The cloaked figure in the seat opposite of the man rose and stood up against the wall. Kiora took the open spot and waited as everyone gathered around the table. The man took out a deck of rather interesting playing cards. They were as wide as his palms and as tall as his hand height. Symbols adorned the backs of each one in what looked like silver leaf; they stood out against the deep purple of the background. The symbols were not at all familiar to Kiora, but the one in the center that was always the same she would remember. It was a seven-sided star within a circle.

“There are no kings, queens, jacks, or twos,” he explained, removing said cards from the deck, “nor is the ace of spades used. Aces are the most powerful, followed by tens, then nines, and so on. We are each dealt six cards in pairs of three. Each round we play one card. Whoever leads determines the suit of power for that round, and if the next person has a card of that suit, they must play it, otherwise throw off any card. Whoever wins the round leads the next.”

Kiora was familiar with a game very similar to this, one that she grew up playing. Often her father, Mick, Romas, and she would challenge each other to the game. Kiora hadn’t played the game since her father died. She felt her head throb painfully. The alcohol was messing with her, she thought.

“Winning a round earns no points. The last round decides who wins and who loses.”

This was different from that old game she played. Her strategy used to be to win every round that she could, since winning a majority of rounds in a single hand was how one earned points. Now she wasn’t sure what strategy to use.

“We will play to one point.”

“That’s not fair,” Rolf remarked.

“I think she can trust her instincts,” the man stated.

He cut the deck after shuffling, and dealt each of them two pairs of three cards. Kiora could keep face, but she cringed on the inside. A ten of diamonds; a nine of spades; an eight of hearts; a five of spades; a three of clubs; and a three of hearts. It wasn’t exactly the best hand.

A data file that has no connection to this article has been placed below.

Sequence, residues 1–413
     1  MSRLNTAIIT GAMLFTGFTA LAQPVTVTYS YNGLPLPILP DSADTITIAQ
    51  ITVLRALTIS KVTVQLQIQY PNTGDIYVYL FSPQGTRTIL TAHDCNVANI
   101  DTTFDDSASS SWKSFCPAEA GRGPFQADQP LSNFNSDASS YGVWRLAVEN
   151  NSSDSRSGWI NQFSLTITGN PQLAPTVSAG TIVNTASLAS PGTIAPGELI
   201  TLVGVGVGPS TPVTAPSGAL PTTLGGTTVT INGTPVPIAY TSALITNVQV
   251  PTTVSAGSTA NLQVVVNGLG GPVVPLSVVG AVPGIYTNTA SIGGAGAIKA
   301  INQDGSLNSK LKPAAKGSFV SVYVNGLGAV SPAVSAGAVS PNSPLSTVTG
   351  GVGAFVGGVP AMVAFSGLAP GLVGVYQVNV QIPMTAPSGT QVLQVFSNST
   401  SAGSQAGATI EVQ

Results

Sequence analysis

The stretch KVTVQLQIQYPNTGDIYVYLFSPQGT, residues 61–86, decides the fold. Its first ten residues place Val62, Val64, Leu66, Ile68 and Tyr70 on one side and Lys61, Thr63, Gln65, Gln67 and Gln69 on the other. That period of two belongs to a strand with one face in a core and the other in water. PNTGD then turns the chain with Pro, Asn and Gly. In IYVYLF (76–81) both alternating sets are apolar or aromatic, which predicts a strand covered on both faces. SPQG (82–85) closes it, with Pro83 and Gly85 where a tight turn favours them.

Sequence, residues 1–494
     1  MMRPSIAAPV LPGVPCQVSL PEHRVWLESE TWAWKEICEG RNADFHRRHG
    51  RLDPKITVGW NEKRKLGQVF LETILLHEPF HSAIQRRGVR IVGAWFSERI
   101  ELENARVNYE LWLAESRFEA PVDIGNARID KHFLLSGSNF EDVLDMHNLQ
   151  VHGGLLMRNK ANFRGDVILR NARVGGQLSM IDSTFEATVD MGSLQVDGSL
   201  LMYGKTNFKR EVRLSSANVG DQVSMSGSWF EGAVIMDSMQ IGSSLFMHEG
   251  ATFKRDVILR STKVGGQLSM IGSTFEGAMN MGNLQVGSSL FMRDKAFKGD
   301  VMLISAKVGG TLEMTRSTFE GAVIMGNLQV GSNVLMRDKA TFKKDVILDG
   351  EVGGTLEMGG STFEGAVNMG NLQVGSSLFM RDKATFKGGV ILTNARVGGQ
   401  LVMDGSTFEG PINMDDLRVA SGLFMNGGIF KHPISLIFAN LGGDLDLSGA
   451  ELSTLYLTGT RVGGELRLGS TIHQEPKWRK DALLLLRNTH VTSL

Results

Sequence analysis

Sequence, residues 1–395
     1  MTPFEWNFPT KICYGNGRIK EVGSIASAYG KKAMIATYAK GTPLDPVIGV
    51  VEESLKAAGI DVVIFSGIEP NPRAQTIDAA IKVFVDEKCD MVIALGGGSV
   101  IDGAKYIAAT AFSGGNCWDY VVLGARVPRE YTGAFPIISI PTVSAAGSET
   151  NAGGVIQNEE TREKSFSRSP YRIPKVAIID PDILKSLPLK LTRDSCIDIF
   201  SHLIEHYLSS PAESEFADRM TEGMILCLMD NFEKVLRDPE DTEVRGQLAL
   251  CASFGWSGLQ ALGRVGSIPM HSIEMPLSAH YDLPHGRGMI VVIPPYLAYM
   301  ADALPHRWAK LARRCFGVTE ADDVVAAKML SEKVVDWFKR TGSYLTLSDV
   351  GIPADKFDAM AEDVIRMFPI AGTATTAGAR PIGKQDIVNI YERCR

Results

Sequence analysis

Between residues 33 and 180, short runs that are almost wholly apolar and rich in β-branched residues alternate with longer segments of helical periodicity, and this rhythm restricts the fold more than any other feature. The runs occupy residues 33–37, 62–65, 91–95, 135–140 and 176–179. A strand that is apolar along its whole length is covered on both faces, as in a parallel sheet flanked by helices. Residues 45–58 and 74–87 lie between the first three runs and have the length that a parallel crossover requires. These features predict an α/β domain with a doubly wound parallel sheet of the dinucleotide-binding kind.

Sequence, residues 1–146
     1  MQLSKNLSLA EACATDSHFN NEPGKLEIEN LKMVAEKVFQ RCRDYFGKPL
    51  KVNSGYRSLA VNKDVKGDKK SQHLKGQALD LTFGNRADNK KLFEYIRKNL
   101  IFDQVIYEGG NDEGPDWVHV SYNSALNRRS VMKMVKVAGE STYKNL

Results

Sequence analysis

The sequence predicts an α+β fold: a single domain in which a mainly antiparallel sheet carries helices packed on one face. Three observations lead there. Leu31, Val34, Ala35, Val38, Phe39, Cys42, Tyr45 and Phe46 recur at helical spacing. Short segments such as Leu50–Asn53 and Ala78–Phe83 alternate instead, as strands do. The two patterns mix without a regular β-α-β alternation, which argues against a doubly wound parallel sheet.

“I will allow you to lead the first round. You have two minutes to play your card.”

Kiora didn’t see any watch or hourglass anywhere, but she assumed he was serious. She wanted to bleed him out of a strong card, but she didn’t know what to do after that. Giving him the lead would certainly put herself at a disadvantage. The man knew the game well and would be able to draw her out in his favor. Kiora closed her eyes. Sometimes chance is the best way to begin. She shuffled her cards in her hand and then at random selected one. The man frowned. She placed it in the middle of the table, revealing it: the ten of diamonds, her strongest card. Kiora waited to see the man’s reaction, but the man’s frown had disappeared. He played his card—the ace of diamonds, trumping her. Rolf groaned.

“I will now lead.”

The eight of spades stared up at Kiora. Her choice of card was now limited to only the nine or five of spades, but she was clueless as to which one to pick over the other. Kiora fell back on her old instinctual play style and trumped his eight of spades with her nine. The man looked knowingly at her. She said nothing, planning her next move.